Letter of His Holiness Pope John Paul II to Artists
1999

Culture of Grace

May 13, 2013 — Leave a comment

For a long time, I’ve wanted to write about grace. Yet it hasn’t happened, because I haven’t been able to find the words I need to express what I want to say.

Then I found this video, by the wonderful folks at Trinity Grace Church. It’s 3 minutes and 15 seconds long, and it encapsulates all I wanted to say and more.

I urge you to watch it.

heart

“If you judge people, you have no time to love them.” Mother Teresa

I recently heard a story of a lesbian and a Bishop who were part of a television debate. There was a huge amount of vitriolic argument, with the criticism aimed mostly at the Bishop. The majority of those present, both on the panel and in the audience, suggested his views on sexuality, equality and ethics were outdated and bigoted.

Despite the abuse thrown his way – particularly on the issue of sexuality – the Bishop responded to each question with love, humilty and grace.

At the end of the debate the lesbian participant approached the Bishop, moved at how he had responded so gracefully. She said this:

“I would rather be disagreed with and loved than tolerated.”

The Bishop – despite having strong views on her sexuality – had treated her with love, grace and respect. He hadn’t judged her, hadn’t criticised her, hadn’t made her feel guilty. He had shown her love.

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In the latest edition of Relevant Magazine, editor Cameron Strang writes this:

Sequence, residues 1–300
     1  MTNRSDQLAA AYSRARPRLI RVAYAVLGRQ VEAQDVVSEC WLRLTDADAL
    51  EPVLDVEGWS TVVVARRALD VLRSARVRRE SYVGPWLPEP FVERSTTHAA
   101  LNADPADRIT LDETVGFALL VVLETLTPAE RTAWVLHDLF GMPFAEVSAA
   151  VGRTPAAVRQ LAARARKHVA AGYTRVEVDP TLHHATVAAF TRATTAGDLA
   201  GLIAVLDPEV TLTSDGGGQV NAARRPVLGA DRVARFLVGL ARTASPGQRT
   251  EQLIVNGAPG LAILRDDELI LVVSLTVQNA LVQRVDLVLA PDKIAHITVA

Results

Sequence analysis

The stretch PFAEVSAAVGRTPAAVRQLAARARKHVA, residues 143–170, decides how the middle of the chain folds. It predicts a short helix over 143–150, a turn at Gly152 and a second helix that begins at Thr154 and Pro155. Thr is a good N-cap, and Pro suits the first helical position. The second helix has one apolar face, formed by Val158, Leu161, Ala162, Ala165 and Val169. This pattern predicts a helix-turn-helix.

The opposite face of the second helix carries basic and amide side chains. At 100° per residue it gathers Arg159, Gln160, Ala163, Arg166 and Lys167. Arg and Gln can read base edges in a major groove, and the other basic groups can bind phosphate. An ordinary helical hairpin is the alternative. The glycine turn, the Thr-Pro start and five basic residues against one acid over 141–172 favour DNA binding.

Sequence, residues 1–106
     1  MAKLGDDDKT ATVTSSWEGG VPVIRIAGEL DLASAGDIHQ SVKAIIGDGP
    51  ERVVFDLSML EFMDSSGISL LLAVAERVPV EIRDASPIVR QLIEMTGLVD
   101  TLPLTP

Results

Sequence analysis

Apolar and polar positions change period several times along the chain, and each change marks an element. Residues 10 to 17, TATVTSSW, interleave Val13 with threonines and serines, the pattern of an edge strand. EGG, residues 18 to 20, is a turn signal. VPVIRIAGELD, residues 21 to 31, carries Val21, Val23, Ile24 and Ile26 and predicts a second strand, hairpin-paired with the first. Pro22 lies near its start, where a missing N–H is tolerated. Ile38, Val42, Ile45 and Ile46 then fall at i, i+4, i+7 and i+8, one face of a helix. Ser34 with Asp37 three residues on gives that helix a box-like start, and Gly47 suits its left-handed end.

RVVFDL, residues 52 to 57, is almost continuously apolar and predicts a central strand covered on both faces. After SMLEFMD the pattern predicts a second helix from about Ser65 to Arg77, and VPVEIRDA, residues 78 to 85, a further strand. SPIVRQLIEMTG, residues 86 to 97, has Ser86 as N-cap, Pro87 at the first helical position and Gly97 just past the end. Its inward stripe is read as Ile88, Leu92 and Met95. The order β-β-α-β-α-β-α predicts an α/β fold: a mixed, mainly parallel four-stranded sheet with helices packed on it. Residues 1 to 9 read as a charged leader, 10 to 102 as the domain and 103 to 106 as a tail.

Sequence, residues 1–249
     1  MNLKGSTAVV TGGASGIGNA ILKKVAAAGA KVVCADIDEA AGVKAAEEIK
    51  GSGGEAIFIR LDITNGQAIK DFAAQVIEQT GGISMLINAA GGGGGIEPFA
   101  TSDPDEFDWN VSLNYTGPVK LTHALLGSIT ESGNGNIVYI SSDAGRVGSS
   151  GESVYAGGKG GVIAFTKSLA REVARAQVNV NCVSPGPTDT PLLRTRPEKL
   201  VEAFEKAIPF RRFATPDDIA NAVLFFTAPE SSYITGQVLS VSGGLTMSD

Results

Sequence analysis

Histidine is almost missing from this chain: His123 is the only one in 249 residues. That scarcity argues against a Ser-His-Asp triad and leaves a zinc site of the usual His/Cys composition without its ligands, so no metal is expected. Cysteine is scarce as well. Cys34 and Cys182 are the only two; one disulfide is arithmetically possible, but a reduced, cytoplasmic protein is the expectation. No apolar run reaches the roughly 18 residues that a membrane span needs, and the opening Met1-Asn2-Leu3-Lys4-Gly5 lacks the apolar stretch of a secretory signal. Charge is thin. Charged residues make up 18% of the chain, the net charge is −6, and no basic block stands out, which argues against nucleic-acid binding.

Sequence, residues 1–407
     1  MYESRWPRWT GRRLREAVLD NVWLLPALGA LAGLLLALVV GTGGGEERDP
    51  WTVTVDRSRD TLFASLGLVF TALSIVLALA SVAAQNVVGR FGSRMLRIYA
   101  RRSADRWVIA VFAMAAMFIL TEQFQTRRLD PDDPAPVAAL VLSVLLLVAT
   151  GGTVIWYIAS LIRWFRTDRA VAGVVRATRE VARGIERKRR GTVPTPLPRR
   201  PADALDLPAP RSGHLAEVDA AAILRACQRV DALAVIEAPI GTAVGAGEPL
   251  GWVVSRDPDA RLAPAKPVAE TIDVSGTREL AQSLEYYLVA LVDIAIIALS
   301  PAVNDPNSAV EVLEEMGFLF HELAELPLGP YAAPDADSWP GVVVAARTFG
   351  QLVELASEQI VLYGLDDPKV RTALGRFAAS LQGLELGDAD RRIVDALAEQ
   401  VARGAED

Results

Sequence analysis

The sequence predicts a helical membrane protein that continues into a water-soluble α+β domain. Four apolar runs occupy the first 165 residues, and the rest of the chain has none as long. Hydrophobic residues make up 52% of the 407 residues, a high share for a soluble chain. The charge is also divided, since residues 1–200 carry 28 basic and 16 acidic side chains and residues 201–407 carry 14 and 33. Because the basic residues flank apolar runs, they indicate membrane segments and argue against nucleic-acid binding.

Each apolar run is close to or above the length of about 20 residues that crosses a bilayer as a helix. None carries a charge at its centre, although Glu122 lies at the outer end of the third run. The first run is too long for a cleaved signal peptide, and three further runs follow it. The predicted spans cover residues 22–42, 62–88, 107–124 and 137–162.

“Even when it isn’t popular, or it means we might be labeled or even attacked, we are called to speak the truth in love. We can no longer be voiceless.”

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In Rumours of God, Jon Tyson and Darren Whitehead point out that in the Gospels, Jesus doesn’t criticise those society would define as sinners.

Jesus loves them. He forgives them. He rebukes those who considered themselves righteous, the Pharisees.

But to those who were expecting to be condemned, Jesus only shows love.

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I wonder what our worlds would look like if that was how we treated people. I wonder what my world would look like if that was how I treated people.

If I was quick to love, slow to judge, even slower to condemn.

After all, that’s what Jesus did.

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“Hold fast to dreams, for if dreams die, life is a broken-winged bird that cannot fly.” Langston Hughes

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I’ve been thinking a lot lately about the difference between understanding God and knowing God.